May 2007

COVER ART

Tsubasa – RESERVoir CHRoNiCLE

Raise your hand if you love CLAMP! Hmm. You know, this little poll would be much more accurate if we could actually see you.

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DVD of the Month - March 2007

Le Chevalier D’Eon

Volume 1

SCREEN

All the time in the anime world, there’s a great deal said and written about the need for original ideas in the stuff we watch and read. A lot of it seems to end merely as lip service, but every now and again, we see a production company that puts its money where its mouth is and strives to further the capabilities of the anime medium. Production I.G is the latest, and Le Chevalier D’Eon (their newest original work) is a testament to the talent the studio has to back up its bold new ideas.

Based on a historical-fiction novel by NTUSA’s own Tow Ubukata, Chevalier is difficult to sum up succinctly. It can’t be helped—after all, it’s set in mid-1700s France, a time when life was cheap, the nobility was clueless to the revolution surging in the streets and everyone really did wear all that frilly stuff you see in Revolutionary War documentaries. The hero is D’Eon de Beaumont, a young man in the royal secret police force who burns with chivalry and—on the surface, anyway—love for his country. D’Eon’s life changes when his sister Lia is found dead on the river Seine, the latest in a series of slayings that has Paris in an uproar. The victims (and this is the point where the fiction part of “historical fiction” comes into play) are being turned into Gargoyles, mindless zombie-like creatures with mercury for blood, and certain noblemen well-versed in the occult—along with a mysterious Russian man masquerading as a fur trader—seem to be behind this shocking affair.

D’Eon soon finds his secret-police co-workers killed and his old life too dangerous to retreat to, so he gathers up three friends—his old fencing teacher, a brash swordsman who had a fancy for Lia and a young page sent by Queen Marie who brandishes the most lethal firearms the 18th century had to offer. Their adventures in the four episodes on this volume are nothing short of exhilarating—although the plot’s largely dialogue-driven, the swordfighting sequences are intense, and it’s obvious that Production I.G had an enormous animation budget to work with. It is, at once, a sober story laden in history (you really feel the power that both religion and royalty held over Europe 300 years ago) and a serious thrill ride, as D’Eon wrestles with both his desire for vengeance and his sister’s very soul, which has a tendency to literally possess him at the most inopportune times.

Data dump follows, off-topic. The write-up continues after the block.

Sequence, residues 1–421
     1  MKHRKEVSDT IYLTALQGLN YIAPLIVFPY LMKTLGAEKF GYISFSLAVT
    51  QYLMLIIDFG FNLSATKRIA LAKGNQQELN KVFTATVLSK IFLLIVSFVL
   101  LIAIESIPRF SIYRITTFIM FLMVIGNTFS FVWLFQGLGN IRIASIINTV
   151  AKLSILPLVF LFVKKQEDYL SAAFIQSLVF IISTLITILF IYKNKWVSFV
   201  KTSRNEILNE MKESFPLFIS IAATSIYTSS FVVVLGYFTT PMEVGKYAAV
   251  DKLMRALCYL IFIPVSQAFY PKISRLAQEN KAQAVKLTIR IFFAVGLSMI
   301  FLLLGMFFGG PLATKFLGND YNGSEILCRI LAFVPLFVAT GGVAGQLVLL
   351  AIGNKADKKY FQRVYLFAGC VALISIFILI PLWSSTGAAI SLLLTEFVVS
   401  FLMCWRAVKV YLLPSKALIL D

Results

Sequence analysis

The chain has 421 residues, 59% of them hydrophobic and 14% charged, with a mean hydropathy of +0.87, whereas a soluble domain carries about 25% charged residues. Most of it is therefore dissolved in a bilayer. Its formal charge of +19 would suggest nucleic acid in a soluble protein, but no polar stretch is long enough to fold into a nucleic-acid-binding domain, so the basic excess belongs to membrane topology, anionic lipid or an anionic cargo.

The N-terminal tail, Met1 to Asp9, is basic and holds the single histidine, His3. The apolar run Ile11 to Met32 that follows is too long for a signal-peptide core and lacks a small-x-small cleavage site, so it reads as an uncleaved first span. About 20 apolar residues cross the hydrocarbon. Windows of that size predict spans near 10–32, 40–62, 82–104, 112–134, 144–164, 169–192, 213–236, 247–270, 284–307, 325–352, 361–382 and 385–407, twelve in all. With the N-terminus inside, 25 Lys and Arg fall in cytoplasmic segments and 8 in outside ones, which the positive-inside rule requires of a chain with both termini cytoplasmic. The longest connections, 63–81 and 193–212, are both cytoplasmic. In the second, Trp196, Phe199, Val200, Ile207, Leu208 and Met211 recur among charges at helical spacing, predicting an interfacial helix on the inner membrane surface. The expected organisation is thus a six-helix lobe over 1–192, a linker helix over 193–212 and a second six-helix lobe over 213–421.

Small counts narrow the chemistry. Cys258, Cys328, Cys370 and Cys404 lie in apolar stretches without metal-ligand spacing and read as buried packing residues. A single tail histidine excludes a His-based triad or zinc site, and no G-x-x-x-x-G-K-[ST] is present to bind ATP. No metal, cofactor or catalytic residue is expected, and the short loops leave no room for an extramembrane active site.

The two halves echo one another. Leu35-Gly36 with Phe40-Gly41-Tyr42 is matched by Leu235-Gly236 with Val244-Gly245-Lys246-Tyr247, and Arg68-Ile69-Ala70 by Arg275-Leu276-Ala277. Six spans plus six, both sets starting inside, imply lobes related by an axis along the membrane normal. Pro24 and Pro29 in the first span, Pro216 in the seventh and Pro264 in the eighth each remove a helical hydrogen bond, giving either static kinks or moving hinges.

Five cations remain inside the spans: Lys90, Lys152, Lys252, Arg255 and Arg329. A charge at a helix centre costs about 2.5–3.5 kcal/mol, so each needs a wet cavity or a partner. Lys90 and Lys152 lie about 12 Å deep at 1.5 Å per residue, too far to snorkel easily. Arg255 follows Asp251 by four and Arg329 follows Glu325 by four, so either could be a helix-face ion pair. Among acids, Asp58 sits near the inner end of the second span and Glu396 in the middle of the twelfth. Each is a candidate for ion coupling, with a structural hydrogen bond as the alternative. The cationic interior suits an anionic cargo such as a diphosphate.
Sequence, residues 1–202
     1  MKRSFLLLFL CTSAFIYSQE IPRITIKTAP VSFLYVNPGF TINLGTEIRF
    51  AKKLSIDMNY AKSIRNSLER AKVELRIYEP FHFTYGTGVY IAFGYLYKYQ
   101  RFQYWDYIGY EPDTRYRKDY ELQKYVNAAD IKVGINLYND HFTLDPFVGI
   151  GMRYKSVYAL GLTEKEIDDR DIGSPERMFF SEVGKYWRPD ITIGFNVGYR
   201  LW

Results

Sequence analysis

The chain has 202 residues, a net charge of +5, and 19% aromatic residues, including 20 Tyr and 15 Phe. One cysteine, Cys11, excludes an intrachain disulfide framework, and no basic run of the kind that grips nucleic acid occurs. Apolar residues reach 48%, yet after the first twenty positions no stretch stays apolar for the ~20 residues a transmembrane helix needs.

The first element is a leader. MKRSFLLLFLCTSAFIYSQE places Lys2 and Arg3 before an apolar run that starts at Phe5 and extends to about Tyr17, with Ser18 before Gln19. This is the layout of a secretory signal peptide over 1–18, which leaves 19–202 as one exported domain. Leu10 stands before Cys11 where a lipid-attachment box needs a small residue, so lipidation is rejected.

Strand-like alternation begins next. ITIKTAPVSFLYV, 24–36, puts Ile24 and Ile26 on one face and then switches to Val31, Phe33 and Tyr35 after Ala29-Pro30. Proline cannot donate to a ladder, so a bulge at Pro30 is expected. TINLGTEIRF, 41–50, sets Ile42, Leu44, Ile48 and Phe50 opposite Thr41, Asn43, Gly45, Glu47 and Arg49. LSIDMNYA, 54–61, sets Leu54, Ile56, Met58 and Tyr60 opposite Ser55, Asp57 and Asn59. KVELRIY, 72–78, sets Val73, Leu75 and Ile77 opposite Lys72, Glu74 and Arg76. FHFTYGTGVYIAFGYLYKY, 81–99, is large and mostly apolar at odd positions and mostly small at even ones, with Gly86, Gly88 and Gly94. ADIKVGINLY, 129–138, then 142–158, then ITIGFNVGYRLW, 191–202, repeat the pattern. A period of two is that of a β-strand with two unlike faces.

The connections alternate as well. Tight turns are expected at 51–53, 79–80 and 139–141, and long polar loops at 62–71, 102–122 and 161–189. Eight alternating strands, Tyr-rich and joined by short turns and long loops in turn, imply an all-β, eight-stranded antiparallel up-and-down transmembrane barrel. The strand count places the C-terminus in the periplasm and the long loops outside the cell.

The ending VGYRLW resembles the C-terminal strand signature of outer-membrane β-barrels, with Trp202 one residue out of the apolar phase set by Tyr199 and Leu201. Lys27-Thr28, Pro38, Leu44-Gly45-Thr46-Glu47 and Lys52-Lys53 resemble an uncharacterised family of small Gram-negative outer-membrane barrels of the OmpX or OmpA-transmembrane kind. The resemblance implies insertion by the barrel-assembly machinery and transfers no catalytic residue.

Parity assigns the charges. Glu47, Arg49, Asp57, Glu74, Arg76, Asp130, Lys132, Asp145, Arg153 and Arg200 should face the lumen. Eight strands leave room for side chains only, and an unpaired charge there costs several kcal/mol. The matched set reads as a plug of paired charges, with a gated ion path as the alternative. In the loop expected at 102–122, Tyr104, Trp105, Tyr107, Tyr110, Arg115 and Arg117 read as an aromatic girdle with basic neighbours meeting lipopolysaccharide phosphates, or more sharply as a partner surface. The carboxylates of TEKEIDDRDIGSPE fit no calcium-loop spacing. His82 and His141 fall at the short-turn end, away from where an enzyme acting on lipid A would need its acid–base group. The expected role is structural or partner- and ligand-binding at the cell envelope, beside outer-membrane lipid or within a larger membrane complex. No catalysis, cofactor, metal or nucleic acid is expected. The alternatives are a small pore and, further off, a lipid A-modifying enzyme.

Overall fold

It really isn’t going too far to say that D’Eon succeeds in showing what the medium of anime can do when given the right kind of care. It’s a joyful thing to watch for both action nuts and viewers who love deep worlds and stories, and I think it deserves a spot on everyone’s shelf.

—Kevin Gifford

History: Not Boring After All

Although Chevalier is a work of fiction, its main hero really existed—D’Eon de Beaumont was a diplomat and spy who was sent by Louis XV on a secret trip to Russia in 1756. His mission was to meet the empress, and legend has it he did so by disguising himself as a maid of honor in the royal court—and that’s just the start of his wacky cross-dressing adventures, too. Look him up on Wikipedia someday and see for yourself.

COVER

  • Available: Now
  • Publisher: ADV Films
  • Running time: 100 min.
  • Rating: TV-PG
© TOW UBUKATA • Production I.G / Project Chevalier 2006